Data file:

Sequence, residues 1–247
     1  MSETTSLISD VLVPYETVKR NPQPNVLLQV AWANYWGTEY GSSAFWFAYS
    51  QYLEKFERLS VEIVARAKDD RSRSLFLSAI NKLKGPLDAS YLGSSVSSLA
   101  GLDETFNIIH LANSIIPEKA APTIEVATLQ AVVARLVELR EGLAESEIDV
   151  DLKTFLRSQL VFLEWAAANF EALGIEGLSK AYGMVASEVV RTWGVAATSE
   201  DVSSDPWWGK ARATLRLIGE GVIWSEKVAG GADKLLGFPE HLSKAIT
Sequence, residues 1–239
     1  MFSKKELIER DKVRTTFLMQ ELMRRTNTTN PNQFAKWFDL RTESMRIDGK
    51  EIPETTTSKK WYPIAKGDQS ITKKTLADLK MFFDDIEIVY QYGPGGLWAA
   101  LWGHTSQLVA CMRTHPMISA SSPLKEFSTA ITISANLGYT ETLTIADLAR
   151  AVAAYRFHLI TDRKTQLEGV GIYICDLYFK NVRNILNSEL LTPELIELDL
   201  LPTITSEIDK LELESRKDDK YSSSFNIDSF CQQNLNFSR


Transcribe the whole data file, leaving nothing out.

Sequence, residues 1–247
     1  MSETTSLISD VLVPYETVKR NPQPNVLLQV AWANYWGTEY GSSAFWFAYS
    51  QYLEKFERLS VEIVARAKDD RSRSLFLSAI NKLKGPLDAS YLGSSVSSLA
   101  GLDETFNIIH LANSIIPEKA APTIEVATLQ AVVARLVELR EGLAESEIDV
   151  DLKTFLRSQL VFLEWAAANF EALGIEGLSK AYGMVASEVV RTWGVAATSE
   201  DVSSDPWWGK ARATLRLIGE GVIWSEKVAG GADKLLGFPE HLSKAIT
Sequence, residues 1–239
     1  MFSKKELIER DKVRTTFLMQ ELMRRTNTTN PNQFAKWFDL RTESMRIDGK
    51  EIPETTTSKK WYPIAKGDQS ITKKTLADLK MFFDDIEIVY QYGPGGLWAA
   101  LWGHTSQLVA CMRTHPMISA SSPLKEFSTA ITISANLGYT ETLTIADLAR
   151  AVAAYRFHLI TDRKTQLEGV GIYICDLYFK NVRNILNSEL LTPELIELDL
   201  LPTITSEIDK LELESRKDDK YSSSFNIDSF CQQNLNFSR